Rutter’s to pay $1 million for cybersecurity attacks

HARRISBURG, Pa. (WTAJ) — Pennsylvania Attorney General Michelle Henry announced a settlement on Wednesday with Rutter’s regarding cybersecurity attacks. The attacks left more than a million customers’ payment cards exposed.

These attacks happened over a nine-month period in 2018 and 2019 and involved 79 locations and more than 1.3 million payment cards. According to the press release, card information was accessed electronically, not at any physical store.

Through an investigation, the Office of the Attorney General (OAG) determined Rutter’s failed to properly employ reasonable data-security measures in protecting customers’ personal information. The OAG said this is in violation of Pennsylvania’s Unfair Trade Practices and Consumer Protection Law.

As part of the settlement, Rutter’s agreed to pay $1 million and improve security measures through an independent assessment.

“This massive breach of data could have been catastrophic for countless consumers whose personal information was exposed due to flimsy safeguards in place at the time,” Attorney General Henry said. “This settlement involves significant financial payment, but also assurance that future risk will be minimized.”

Additionally, the settlement requires Rutter’s to conduct and document a risk assessment, undergo an independent settlement compliance assessment, and implement security improvements, including:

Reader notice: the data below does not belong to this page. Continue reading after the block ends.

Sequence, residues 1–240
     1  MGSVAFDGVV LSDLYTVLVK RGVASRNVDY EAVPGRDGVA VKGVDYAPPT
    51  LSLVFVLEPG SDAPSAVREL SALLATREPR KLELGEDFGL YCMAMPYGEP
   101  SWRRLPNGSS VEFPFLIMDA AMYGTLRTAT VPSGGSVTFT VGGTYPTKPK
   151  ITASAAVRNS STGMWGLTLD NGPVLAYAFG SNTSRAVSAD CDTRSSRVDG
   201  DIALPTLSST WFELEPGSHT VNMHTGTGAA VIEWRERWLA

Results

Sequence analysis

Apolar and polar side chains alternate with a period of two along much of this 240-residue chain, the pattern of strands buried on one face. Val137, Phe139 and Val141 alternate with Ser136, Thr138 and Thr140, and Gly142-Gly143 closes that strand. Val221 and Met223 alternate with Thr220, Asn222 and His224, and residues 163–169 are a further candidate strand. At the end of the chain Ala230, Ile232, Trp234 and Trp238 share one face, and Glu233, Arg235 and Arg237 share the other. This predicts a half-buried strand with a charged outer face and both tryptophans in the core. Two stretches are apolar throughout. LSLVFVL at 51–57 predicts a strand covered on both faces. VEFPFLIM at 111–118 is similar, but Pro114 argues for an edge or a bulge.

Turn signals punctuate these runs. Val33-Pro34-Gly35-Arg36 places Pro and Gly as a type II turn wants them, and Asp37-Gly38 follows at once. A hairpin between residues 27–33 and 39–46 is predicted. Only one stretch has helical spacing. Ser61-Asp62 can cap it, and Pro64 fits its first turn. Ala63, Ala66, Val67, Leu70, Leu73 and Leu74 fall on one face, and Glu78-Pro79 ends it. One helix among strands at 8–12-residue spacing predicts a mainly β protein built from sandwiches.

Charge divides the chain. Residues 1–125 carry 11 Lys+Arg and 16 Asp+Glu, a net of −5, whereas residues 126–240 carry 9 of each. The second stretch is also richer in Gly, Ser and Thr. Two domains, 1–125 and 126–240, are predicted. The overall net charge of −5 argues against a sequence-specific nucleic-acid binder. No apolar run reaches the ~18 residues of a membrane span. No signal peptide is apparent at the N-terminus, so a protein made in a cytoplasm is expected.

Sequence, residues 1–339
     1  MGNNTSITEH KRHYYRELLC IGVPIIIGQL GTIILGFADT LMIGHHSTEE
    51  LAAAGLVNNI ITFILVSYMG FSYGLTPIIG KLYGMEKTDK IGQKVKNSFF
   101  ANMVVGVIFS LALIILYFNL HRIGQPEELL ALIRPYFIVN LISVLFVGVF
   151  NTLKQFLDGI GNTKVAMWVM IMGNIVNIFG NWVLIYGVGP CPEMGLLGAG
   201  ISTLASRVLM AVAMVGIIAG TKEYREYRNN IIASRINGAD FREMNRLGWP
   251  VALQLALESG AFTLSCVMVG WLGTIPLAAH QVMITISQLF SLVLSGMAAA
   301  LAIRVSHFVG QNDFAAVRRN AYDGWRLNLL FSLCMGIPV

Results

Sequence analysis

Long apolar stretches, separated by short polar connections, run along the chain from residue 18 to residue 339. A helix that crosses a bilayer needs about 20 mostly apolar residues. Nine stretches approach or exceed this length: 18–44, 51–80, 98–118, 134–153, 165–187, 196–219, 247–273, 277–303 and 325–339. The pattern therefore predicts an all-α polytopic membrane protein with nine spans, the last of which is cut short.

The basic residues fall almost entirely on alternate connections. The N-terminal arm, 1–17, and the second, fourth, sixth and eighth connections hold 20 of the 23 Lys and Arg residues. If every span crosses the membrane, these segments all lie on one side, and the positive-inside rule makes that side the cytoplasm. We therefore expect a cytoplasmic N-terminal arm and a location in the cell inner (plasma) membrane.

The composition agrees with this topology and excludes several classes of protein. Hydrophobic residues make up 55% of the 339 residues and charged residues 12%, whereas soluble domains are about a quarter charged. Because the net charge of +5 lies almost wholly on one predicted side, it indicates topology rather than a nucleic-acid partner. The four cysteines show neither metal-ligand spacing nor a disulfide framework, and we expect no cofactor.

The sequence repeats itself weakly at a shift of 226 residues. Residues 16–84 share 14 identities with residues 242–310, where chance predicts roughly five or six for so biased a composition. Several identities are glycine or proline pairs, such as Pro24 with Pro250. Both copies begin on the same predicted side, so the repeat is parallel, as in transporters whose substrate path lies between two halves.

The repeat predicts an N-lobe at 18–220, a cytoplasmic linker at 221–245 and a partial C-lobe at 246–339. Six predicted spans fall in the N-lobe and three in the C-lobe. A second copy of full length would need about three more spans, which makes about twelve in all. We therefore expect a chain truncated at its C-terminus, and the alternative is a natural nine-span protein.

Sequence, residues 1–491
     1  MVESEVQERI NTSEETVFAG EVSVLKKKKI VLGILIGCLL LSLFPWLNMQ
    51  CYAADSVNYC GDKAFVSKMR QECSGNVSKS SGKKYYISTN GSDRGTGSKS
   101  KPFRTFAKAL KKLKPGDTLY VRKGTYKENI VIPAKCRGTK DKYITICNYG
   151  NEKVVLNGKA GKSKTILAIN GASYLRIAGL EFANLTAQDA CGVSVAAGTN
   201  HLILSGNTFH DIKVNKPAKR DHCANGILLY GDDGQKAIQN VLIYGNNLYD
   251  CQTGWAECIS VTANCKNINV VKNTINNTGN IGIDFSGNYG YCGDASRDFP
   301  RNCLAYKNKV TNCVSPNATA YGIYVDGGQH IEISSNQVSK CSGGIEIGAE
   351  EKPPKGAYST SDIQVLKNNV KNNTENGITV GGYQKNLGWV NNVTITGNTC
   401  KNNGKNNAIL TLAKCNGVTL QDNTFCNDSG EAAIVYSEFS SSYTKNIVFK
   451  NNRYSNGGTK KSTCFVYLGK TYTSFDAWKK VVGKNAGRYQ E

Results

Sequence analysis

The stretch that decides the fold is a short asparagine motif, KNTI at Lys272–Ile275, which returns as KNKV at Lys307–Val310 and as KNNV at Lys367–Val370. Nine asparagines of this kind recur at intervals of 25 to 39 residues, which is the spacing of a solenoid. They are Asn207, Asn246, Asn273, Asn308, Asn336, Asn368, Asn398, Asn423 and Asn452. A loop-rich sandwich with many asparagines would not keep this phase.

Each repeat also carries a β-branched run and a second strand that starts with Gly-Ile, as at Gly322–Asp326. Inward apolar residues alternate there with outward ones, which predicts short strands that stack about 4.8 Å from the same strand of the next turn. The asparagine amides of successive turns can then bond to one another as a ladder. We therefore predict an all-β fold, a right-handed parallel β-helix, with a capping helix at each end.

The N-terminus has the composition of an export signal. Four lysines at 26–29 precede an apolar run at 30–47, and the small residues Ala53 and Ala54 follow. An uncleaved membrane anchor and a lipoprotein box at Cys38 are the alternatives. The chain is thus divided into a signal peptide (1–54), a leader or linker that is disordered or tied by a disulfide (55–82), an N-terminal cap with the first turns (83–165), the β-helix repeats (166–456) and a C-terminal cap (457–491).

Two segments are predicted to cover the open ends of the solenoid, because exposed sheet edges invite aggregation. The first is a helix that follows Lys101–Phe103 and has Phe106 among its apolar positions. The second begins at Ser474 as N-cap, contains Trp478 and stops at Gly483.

• Information Security Program: Rutter’s must maintain a comprehensive information security program that is appropriately designed to protect the security, confidentiality, and integrity of personal information that it collects, receives, or processes.
  • Password Management: Rutter’s must implement appropriate password management.
  • Logging and Monitoring: Rutter’s must implement and maintain logging and log monitoring policies and procedures.
  • Update Software: Rutter’s must maintain, keep updated, and support the software on its network.
  • Disable service accounts: Rutter’s must disable service accounts that are no longer used for any legitimate business purpose.

Incident Response: Rutter’s must detect and respond to suspicious network activity within its network within reasonable means.

Rutter’s first became aware of the unauthorized activity on May 28, 2019, but determined that customers’ payment card information was not stolen. In December 2019, Rutters learned of a pattern of unauthorized charges at 30 Rutter’s locations.

This resulted in Mastercard requesting Rutter’s to conduct an investigation. It is unknown how many customers were impacted. Rutter’s to pay $1 million for cybersecurity attacks

Related Articles

Back to top button